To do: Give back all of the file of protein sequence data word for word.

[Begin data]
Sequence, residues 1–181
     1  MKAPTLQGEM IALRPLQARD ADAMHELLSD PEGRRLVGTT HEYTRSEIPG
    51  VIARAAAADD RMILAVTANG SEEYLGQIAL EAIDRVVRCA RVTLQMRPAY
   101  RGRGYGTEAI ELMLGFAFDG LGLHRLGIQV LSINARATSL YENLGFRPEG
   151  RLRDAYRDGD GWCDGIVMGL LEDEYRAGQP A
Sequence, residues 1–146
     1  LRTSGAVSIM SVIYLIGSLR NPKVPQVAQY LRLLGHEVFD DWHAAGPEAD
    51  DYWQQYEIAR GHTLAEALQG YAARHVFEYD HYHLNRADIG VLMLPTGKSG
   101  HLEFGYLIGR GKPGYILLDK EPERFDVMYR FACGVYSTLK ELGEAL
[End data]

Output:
Sequence, residues 1–181
     1  MKAPTLQGEM IALRPLQARD ADAMHELLSD PEGRRLVGTT HEYTRSEIPG
    51  VIARAAAADD RMILAVTANG SEEYLGQIAL EAIDRVVRCA RVTLQMRPAY
   101  RGRGYGTEAI ELMLGFAFDG LGLHRLGIQV LSINARATSL YENLGFRPEG
   151  RLRDAYRDGD GWCDGIVMGL LEDEYRAGQP A
Sequence, residues 1–146
     1  LRTSGAVSIM SVIYLIGSLR NPKVPQVAQY LRLLGHEVFD DWHAAGPEAD
    51  DYWQQYEIAR GHTLAEALQG YAARHVFEYD HYHLNRADIG VLMLPTGKSG
   101  HLEFGYLIGR GKPGYILLDK EPERFDVMYR FACGVYSTLK ELGEAL